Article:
What is Camel Safari
What better way to explore the desert than on the back of an animal that has for aeons been associated with these immense tracts of sand?
A camel safari is the perfect way to discover desert regions – especially areas as historically and culturally rich as Rajasthan, or as vast and awe-inspiring as the Nubra Valley in Ladakh. Ensconce yourself contentedly on the back of an ungulate and admire the sand dunes around you extending for miles – as far as your eye can see. A camel can take you places where a jeep or ordinary motor vehicle will struggle to reach (and only the camel can successfully navigate the dunes). Not for nothing is the camel known as the ‘ship of the desert’; for centuries, it was the only means of transport available in these often inhospitable stretches of land. A camel safari, then, makes for a magical journey, one unlike any other you’ll ever experience.
Camel Safari in India
There’s probably no better (or more romantic) way of seeing Rajasthan than on the back of a dromedary. Crisscross the sands during the day – get up close with Rajasthan’s splendid architecture and wonderful hospitality – and sleep under the stars at night. Boasting the awesome vastness of the Thar Desert, Rajasthan is quite obviously the top destination for camel safaris in India. You can tread the caravan routes of old, passing hamlets and desert communities almost unchanged over time. Most of the safaris take place around Bikaner, Jaisalmer and Jodhpur. The classic camel safari (among the many worth experiencing) is the Bikaner-Jaisalmer one, which covers (approximately) 25km-30km every day over 11 days. Safaris are of varying duration – you can choose from half- and full-day journeys to month-long tests of endurance.
Up towards India’s northern extremity is the stunning Nubra Valley, where safaris are conducted on the rare double-humped Bactrian camel. A ride on the back of one of these magnificent creatures allows you to delight in the valley’s quaint villages and Buddhist traditions, making for a truly memorable experience.
Know more about Desert and Camel Safari in India.
Best season in India
In Rajasthan, the winter months (October to March) are ideal, while summer is the best time for a camel safari in Nubra Valley.
Camel Safari sites in India
Rajasthan – Around Bikaner, Jaisalmer, Jodhpur (also Nagaur, Pushkar, Shekhawati)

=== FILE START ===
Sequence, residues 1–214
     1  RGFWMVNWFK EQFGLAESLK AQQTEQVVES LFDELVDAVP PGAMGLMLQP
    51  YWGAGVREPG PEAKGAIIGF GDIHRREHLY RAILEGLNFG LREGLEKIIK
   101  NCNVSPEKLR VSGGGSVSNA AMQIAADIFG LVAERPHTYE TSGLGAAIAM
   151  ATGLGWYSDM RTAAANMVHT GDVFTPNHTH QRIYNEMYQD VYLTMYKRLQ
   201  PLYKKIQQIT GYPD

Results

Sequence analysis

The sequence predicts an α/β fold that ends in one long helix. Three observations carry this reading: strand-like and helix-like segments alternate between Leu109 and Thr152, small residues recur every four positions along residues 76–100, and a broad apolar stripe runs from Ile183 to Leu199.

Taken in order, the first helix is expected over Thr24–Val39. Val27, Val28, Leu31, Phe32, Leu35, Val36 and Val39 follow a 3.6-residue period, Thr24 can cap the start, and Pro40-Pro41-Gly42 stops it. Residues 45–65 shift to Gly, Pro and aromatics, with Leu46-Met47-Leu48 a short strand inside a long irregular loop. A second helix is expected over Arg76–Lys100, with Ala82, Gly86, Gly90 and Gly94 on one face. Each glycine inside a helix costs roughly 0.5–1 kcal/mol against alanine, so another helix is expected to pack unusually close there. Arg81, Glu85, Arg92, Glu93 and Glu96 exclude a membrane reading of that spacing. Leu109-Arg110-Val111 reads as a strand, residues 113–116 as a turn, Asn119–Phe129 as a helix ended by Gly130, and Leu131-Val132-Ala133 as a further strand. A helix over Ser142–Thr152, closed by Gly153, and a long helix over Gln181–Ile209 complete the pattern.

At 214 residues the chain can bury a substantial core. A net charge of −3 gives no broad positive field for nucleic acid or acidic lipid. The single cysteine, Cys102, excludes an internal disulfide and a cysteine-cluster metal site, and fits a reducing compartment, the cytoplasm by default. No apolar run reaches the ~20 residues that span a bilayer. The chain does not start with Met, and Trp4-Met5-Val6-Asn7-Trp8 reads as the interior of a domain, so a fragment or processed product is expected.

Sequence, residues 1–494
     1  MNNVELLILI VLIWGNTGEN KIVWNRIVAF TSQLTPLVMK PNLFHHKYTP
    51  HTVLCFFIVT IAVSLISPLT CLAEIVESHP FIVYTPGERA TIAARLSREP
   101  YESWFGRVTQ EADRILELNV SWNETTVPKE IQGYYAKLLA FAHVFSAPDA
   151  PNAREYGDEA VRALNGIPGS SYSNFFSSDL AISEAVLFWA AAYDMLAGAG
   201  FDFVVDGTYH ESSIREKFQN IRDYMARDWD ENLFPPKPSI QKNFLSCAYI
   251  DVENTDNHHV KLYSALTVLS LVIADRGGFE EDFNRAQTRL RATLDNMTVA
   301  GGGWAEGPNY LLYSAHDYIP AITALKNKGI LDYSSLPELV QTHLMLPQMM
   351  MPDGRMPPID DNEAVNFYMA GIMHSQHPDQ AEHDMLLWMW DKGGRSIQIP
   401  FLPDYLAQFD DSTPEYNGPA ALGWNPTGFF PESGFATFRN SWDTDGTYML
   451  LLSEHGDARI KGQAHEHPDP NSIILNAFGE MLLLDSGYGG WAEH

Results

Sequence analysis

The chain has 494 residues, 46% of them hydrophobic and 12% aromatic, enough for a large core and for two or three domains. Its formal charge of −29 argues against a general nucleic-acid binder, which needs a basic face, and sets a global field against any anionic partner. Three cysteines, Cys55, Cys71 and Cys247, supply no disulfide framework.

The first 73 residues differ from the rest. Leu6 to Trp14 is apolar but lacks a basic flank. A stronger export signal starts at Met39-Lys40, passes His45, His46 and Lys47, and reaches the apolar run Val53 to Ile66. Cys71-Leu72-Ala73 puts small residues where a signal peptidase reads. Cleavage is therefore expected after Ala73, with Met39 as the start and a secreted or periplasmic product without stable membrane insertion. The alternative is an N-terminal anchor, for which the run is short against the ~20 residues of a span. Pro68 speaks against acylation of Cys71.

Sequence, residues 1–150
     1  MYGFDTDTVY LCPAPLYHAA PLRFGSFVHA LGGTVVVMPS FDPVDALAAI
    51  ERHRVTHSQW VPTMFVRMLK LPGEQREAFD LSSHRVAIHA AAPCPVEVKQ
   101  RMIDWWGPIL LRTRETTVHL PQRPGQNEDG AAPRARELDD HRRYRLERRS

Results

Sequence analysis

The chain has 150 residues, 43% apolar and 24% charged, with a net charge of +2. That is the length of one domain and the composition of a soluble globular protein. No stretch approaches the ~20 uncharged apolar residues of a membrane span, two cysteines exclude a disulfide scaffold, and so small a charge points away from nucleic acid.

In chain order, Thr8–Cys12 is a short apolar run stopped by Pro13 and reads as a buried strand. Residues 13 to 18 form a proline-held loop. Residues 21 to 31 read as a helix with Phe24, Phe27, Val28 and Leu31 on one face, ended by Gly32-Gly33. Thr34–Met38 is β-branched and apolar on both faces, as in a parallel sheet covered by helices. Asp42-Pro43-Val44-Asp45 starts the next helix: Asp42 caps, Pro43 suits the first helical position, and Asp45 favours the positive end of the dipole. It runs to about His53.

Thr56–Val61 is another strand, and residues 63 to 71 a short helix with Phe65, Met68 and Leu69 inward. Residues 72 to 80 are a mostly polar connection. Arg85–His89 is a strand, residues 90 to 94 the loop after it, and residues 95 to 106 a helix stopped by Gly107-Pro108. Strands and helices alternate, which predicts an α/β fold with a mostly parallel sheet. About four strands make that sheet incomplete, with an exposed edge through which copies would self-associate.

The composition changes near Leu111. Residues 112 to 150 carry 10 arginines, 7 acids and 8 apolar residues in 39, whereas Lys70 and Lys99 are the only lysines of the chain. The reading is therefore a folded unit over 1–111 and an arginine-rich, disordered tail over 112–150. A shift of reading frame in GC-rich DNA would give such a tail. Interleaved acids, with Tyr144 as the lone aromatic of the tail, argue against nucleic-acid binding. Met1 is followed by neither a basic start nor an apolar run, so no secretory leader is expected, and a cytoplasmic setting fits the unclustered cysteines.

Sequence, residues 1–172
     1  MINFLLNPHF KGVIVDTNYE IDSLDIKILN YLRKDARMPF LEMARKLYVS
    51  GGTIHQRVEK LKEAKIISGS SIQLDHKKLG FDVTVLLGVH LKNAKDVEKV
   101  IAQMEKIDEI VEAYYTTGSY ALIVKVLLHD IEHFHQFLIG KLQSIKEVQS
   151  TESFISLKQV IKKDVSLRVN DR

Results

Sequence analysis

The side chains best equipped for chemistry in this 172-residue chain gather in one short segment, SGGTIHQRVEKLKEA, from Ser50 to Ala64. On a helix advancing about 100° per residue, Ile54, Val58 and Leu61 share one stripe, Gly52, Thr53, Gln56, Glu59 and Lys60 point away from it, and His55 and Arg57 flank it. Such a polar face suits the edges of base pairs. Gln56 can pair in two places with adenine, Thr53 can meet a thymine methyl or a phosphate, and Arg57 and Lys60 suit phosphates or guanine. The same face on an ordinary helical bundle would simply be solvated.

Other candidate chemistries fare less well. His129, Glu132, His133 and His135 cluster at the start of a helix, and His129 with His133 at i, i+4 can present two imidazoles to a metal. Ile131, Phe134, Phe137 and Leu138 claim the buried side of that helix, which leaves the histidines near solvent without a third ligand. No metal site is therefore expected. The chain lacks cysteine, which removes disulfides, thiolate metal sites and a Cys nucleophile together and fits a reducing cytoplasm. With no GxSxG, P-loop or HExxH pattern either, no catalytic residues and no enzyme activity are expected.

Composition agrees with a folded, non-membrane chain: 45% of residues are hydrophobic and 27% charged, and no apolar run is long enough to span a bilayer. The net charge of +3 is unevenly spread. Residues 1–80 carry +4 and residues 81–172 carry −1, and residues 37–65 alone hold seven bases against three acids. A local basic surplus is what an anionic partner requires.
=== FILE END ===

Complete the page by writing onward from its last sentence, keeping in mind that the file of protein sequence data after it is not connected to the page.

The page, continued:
Ladakh – Nubra Valley (from Hundar to Diskit)
Prior to booking a camel safari, choose your operator with care – make sure it actually is providing the facilities it claims to be doing so.
Bring a padded cushion to sit on – a journey on a camel’s back can get rather uncomfortable! Also bring along sunscreen, sunglasses, moisturizer, lip salve, flashlight, toilet paper and a towel, along with plenty of water and warm clothing.
Before you embark on a camel safari, here are a few important things to keep in mind:
1. When mounting a camel, lean back
2. When the camel stands up, or sits down, lean back and grip the reins firmly
3. Always grip the reins when the camel is moving – you will be rocked back and forth,though gently!
4. When turning right, pull the right rein towards your right; when turning left, pull the left rein to your left
5. When the camel gallops, pull both reins together slowly, and give the camel a slight kick on both sides
6. To get the camel to stop, pull both reins backwards quickly
7. To get the camel to sit down, pull both reins
8. To get the camel to start walking, pull the reins up
9. Avoid provoking a camel – and don’t give it any food!
A camel safari can be a test of stamina – especially if you’re planning a ride of a week or more. Even the short-duration safaris demand a decent level of physical fitness. If you’re afflicted by a medical condition, bring the necessary prescribed medication – but it is advised that you get an all-clear from your doctor before going on a camel safari. Also, carry anti-malaria tablets and a first-aid kit. Above all, since you’re out in the desert, drink plenty of water to keep yourself rehydrated.
The desert is as ecologically fragile as other ecosystems. So do leave it as clean as you found it – and don’t litter.